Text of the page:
Wallets Africa is a Nigerian fintech startup that helps users conduct financial transactions in Nigeria, Ghana and Kenya using fiat currency and cryptocurrency on their phones. The startup was founded by John Oluranti Oke and Joseph Benson-Aruna.
Transacting in the digital age should be as seamless as booking a ride on Uber, sharing stories on Instagram or keeping in touch on WhatsApp. This is our belief at Wallets Africa and that’s what we are building…
Wallets Africa Products
Wallets Africa offers products in the following categories.
You can use the platform as a consumer to send money to local bank accounts in Nigeria, Ghana and Kenya. Additionally, you can use Wallets Africa to pay bills such as airtime, data to cable TV. Wallet Africa allows you to have a virtual dollar card in Nigeria, Ghana and Kenya.
It is common for cards from banks in Africa to be rejected by international merchants. The startup solves this problem. Its dollar card is accepted on Amazon, Netflix, Spotify, AirBnB, Uber, Facebook ads, Google ads, etc. Additionally, with the growing interest and adoption of Bitcoin on the continent, Wallets Africa allows users to easily convert Bitcoin into fiat currency.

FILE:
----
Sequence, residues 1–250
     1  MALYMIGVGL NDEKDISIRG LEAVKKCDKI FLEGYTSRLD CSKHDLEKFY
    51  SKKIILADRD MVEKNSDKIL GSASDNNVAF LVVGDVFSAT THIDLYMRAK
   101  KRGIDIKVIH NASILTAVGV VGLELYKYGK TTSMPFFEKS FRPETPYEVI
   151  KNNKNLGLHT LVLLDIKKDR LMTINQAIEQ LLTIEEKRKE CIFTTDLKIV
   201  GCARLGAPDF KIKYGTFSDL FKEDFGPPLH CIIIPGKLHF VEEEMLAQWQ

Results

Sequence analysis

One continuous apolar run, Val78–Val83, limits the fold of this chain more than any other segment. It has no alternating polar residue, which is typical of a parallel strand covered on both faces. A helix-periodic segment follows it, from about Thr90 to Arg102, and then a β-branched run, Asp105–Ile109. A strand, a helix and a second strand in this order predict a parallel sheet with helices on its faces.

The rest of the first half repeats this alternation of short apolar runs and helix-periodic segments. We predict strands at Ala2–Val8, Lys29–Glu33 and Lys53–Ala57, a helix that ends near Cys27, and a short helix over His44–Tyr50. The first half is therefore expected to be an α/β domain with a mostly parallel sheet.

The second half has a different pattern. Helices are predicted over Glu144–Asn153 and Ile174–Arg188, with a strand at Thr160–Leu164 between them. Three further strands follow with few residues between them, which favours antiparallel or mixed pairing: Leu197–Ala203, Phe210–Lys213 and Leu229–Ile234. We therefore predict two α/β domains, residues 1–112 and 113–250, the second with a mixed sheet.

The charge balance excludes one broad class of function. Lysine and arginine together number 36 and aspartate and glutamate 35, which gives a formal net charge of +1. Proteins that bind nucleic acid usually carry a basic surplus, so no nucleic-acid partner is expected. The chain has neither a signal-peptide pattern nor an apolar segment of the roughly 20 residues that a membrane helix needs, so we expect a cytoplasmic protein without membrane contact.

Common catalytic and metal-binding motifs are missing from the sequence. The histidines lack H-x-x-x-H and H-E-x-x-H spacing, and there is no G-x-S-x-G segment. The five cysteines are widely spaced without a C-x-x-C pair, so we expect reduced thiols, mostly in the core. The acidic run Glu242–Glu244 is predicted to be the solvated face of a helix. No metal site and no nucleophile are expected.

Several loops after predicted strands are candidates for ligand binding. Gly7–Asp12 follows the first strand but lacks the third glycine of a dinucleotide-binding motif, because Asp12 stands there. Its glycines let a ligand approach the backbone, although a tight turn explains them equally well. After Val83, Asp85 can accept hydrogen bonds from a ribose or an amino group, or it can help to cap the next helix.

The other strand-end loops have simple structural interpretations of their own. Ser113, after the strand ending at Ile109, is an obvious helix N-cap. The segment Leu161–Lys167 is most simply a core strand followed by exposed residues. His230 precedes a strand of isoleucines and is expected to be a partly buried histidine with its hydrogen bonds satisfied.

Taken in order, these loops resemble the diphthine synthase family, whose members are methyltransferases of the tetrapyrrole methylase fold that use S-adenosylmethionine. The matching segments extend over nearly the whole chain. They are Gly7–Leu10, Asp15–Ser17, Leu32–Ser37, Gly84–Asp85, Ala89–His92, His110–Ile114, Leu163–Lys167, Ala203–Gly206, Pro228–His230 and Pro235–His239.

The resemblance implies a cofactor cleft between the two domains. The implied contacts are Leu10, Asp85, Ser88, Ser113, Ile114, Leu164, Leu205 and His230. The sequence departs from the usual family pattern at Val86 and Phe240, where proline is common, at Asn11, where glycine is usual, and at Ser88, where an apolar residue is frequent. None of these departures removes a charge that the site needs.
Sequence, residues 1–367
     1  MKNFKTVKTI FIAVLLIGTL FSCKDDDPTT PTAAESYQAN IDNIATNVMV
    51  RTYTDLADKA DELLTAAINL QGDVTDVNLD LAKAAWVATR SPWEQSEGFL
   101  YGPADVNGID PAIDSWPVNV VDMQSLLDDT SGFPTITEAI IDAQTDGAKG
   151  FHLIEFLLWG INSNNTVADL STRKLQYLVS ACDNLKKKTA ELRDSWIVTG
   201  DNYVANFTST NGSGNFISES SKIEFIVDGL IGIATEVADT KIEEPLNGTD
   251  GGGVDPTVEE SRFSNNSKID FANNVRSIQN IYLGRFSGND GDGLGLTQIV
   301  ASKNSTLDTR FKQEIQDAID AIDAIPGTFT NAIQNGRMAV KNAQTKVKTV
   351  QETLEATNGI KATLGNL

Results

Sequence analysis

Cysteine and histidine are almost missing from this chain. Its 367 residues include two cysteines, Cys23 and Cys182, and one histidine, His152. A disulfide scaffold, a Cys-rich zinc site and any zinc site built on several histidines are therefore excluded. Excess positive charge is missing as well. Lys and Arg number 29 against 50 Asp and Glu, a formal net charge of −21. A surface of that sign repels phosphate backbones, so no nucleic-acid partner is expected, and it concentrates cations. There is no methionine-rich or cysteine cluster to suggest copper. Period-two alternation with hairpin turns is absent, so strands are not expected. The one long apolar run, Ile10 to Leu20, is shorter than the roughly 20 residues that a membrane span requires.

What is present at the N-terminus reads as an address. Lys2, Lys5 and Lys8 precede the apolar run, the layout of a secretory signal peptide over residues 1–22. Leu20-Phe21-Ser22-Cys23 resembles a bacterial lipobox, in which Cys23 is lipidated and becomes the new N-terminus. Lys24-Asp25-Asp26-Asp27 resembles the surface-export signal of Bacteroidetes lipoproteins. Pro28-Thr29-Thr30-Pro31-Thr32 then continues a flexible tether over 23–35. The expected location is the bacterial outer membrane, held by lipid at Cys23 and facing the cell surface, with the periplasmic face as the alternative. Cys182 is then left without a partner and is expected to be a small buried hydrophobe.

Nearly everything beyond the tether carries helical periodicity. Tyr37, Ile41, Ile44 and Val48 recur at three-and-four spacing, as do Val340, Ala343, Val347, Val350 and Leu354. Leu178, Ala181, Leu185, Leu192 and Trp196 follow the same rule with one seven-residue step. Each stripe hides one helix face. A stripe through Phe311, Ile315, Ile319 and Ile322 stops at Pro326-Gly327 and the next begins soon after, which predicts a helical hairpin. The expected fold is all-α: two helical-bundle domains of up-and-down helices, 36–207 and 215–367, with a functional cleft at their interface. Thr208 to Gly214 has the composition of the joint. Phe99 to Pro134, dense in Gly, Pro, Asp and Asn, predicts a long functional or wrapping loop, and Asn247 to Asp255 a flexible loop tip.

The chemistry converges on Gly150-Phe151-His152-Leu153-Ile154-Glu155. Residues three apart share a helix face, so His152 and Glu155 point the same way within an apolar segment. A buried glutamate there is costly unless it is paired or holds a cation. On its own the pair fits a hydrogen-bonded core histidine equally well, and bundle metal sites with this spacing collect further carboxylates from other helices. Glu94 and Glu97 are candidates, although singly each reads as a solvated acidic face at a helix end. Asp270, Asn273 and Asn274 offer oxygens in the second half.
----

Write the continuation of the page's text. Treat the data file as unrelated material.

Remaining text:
Small business owners in Africa can sign up for a business account. The account allows you to create virtual expense cards. With the card, you can instantly make business payments online.
Last year, the startup introduced an overdraft feature for business to allow small businesses to make some small transactions without necessarily funding their account. The overdraft, which is free, is based on your transaction volumes from the previous month.
Think of it like this. You run a business and every month you pay N20,000 each for internet and electricity bills. However, you have about 10,000 in your account and you’ll need to have about 30,000 for this transaction to go through. With this update, you can decide to accept your monthly overdraft and make your payments easily without funding your account.